White knights rescue local store
FARMER Charlies in Ballina will re-open with three local blokes at the helm.
Graeme Gough, of West Ballina, and Paul Morris and Shon Trim, both of Alstonville, are getting ready to bring the store back to life as a Spar supermarket.
But, while the transition into a full Spar outlet will take six months, an immediate and more minor refurbishment will see the grocery outlet open its doors to the public in around a fortnight.
“What we are bringing to the business is local knowledge,” said Mr Trim, who has a corporate background with Caltex and operates three service stations in Alstonville, Lismore and Woodburn.
Mr Gough was a previous owner of fuel distribution and retailing company Northern Marketing and Mr Morris is a chartered accountant.
The three men are the owners of local company Quaymarket Pty Limited and, according to Mr Gough, have been looking for an opportunity to get involved in a local supermarket business for some time.
“When Farmer Charlies went into administration, we started working on acquiring the Ballina store.”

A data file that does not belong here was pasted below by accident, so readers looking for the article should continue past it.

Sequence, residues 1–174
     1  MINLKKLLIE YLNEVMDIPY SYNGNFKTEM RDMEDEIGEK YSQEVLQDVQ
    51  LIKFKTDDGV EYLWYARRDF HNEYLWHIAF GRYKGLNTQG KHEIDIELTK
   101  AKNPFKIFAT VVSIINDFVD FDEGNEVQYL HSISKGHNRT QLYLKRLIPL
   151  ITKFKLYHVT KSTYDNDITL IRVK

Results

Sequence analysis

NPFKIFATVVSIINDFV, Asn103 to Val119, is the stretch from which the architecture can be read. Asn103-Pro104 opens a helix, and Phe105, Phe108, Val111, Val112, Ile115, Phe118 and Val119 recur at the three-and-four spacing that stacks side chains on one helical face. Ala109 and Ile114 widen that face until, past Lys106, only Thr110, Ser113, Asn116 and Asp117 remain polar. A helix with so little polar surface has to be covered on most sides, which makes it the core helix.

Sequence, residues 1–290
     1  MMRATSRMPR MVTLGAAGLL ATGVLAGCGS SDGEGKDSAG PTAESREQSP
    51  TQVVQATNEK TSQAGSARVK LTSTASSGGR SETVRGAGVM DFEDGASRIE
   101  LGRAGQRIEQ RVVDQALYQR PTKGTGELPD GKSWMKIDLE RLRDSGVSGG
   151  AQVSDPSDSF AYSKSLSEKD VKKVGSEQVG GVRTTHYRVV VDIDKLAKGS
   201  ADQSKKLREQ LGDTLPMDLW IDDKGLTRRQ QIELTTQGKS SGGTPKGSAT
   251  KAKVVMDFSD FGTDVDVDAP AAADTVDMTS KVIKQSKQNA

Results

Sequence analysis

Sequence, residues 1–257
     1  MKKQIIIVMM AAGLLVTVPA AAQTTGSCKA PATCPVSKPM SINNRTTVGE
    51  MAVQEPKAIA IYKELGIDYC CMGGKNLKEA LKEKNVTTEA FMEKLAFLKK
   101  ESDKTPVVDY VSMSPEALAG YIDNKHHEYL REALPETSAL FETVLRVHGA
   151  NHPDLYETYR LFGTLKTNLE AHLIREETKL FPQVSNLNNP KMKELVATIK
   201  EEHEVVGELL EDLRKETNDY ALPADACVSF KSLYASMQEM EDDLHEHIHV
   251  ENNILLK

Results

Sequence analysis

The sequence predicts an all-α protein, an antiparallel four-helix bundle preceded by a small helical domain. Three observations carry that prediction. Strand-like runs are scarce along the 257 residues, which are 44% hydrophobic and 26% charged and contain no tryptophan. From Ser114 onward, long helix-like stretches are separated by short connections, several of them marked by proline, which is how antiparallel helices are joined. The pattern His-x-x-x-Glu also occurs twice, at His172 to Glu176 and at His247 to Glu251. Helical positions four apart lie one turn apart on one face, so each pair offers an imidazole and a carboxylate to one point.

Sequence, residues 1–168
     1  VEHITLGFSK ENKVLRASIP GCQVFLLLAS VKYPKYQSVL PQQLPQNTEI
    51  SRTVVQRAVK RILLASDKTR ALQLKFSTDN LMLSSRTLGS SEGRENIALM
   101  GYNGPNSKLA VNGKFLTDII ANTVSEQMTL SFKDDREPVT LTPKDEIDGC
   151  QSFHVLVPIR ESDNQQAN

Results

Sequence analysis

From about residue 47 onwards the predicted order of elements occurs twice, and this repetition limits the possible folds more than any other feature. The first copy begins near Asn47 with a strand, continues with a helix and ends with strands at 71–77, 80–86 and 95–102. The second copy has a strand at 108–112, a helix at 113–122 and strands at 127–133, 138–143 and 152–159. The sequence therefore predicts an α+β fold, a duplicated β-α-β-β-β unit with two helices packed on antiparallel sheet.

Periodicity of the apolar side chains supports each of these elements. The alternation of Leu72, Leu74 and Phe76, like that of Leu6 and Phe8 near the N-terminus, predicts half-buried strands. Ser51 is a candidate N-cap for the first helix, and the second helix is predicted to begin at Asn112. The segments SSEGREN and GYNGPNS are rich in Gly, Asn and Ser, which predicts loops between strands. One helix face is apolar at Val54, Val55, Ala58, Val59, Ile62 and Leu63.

The iconic Northern Rivers grocery chain, which had outlets in Lismore, Ballina and Evans Head, closed at the end of May.
Little more than a year before, it had been saved from liquidation when Sydney company Barrobay Investments bought it.
Since then, the Lismore store has been bought by the Edmonds family, who owned it originally.
The Evans Head store remains closed.
However, Mr Gough said he and his partners were “exploring options” with the administrators, PPB, about the Evans Head outlet.
Recruiting for the Ballina store has already begun, with the goal of employing 25 permanent and part-time staff.
While some of these may include former employees of Farmer Charlies, Mr Gough said some of the staff had moved on.
Managing director of Spar supermarkets Lou Jardin said the Ballina outlet would offer “a full shop at competitive prices” and longer opening hours.
Mr Gough said there would be a more extensive range of groceries as well as the fruit and vegetables that had been traditionally stocked at the store. Where possible, he said, the new owners would source goods from local suppliers.